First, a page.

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- Arachne, Volume 4. - 1/10 -
[NOTE: There is a short list of bookmarks, or pointers, at the end of the file for those who may wish to sample the author's ideas before making an entire meal of them. D.W.]
By Georg Ebers
Outside the door of the tent Hermon was trying to banish Althea's image from his mind. How foolishly he had overestimated last night the value of this miserable actress, who as a woman had lost all charm for him-- even as a model for his Arachne!
He would rather have appeared before his pure friend with unsightly stains on his robe than while mastered by yearning for the Thracian.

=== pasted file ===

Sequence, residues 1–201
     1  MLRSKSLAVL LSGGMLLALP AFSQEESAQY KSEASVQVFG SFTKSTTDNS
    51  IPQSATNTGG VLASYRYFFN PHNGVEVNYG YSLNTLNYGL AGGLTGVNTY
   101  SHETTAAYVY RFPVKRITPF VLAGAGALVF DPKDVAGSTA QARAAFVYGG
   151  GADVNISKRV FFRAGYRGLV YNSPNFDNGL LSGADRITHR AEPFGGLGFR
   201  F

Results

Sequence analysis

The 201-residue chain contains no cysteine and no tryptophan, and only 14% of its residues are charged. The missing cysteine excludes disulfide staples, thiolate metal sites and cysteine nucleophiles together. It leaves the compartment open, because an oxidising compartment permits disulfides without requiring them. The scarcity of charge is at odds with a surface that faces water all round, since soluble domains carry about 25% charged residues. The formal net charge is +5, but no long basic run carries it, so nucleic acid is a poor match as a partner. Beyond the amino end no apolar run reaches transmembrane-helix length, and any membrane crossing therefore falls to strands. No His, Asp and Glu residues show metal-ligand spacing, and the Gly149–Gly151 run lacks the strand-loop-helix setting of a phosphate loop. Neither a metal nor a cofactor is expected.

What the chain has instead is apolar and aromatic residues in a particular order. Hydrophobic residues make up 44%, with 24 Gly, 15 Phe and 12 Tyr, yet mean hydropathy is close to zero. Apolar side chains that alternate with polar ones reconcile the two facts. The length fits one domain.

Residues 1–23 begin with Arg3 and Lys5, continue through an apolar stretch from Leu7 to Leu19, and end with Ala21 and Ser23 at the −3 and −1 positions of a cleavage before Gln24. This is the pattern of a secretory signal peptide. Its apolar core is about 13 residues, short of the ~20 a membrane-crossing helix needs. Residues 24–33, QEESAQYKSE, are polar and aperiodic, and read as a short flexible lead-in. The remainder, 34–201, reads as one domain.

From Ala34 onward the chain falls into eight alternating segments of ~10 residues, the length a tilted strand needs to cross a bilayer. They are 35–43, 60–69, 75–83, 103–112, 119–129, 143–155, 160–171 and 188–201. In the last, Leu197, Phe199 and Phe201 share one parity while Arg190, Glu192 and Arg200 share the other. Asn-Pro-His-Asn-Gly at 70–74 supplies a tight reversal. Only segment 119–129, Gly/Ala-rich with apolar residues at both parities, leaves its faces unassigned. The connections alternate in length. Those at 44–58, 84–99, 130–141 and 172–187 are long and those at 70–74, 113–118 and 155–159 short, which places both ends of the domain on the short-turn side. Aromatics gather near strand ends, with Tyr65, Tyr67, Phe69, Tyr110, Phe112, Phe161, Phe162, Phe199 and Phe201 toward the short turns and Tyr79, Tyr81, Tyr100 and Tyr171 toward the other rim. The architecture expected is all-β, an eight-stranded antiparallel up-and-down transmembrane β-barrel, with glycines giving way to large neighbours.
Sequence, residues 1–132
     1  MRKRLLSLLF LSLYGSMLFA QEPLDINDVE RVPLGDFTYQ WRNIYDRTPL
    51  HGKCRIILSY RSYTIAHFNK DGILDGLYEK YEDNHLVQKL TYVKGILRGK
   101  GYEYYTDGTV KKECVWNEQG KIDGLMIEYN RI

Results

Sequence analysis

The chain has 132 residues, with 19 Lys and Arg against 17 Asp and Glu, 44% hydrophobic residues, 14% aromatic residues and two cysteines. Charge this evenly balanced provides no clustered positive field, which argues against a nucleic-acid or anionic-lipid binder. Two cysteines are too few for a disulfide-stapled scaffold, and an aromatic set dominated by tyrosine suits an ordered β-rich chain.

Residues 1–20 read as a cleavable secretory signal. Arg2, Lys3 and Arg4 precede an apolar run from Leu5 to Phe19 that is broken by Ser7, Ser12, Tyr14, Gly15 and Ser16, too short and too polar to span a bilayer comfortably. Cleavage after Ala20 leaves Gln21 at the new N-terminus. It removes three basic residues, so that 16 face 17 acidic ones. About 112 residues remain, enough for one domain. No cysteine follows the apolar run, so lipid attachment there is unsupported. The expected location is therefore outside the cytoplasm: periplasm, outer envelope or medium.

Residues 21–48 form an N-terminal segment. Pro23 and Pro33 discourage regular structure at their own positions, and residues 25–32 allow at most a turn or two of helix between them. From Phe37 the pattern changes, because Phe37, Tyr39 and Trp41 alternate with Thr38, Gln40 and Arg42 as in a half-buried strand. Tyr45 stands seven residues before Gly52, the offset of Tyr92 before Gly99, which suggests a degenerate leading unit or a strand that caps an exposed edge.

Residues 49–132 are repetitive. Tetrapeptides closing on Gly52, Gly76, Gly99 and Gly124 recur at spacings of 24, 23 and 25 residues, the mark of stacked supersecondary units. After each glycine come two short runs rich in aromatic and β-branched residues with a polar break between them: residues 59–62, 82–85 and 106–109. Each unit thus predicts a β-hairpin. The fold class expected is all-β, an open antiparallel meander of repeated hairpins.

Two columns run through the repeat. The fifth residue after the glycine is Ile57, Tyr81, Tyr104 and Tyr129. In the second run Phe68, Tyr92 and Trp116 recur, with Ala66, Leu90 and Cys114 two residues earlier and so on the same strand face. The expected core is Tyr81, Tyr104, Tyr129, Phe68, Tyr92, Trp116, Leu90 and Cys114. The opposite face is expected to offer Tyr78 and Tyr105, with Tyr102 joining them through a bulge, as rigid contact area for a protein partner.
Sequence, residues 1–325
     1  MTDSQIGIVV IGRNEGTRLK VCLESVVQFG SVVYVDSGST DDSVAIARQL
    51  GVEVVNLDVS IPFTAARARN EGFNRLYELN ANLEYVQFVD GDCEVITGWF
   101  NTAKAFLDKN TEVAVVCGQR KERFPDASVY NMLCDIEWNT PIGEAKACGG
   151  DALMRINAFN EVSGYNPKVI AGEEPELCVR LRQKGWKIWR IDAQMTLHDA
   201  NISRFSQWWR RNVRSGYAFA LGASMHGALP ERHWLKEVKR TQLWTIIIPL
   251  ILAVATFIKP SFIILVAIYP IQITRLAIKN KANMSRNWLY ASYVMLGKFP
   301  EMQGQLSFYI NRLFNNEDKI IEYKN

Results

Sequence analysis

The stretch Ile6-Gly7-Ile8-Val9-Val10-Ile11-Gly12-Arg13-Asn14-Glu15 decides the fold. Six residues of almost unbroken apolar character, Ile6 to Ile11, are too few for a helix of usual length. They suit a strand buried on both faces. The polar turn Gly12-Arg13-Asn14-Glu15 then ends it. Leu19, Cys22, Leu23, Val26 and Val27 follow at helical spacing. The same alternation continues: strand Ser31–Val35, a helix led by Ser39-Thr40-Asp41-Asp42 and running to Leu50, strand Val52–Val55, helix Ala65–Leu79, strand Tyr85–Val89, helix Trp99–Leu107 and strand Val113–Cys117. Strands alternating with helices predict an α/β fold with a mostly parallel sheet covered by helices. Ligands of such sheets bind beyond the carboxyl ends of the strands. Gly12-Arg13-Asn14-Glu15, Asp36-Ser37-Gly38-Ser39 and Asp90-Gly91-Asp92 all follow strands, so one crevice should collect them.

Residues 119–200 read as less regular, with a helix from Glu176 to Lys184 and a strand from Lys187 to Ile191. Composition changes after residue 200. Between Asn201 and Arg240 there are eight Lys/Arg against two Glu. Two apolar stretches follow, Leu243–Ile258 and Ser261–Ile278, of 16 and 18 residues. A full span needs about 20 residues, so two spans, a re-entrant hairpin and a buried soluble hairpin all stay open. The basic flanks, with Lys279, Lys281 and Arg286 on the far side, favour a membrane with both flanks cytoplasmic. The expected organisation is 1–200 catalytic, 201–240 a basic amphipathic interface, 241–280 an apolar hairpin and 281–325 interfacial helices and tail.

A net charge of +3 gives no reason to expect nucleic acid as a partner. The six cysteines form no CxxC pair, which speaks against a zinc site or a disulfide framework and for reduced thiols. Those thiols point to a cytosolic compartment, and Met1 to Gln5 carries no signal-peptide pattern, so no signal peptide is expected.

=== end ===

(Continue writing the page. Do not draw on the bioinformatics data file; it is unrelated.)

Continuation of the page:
The first glance at Daphne's beloved face, the first words of her greeting, taught him that he should find with her everything for which he longed.
In simple, truthful words she reproached him for having neglected her to the verge of incivility the evening before, but there was no trace of bitterness or resentment in the accusation, and she gave Hermon little time for apology, but quickly gladdened him with words of forgiveness.
In the opinion of her companion Chrysilla, Daphne ought to have kept the capricious artist waiting much longer for pardon. True, the cautious woman took no part in the conversation afterward, but she kept her charge in sight while she was skilfully knotting the fringe into a cloth which she had woven herself. On account of her favourite Philotas, it was well for Daphne to be aware that she was watched.
Chrysilla was acquainted with life, and knew that Eros never mingles more arbitrarily in the intercourse of a young couple than when, after a long separation, there is anything whatever to forgive.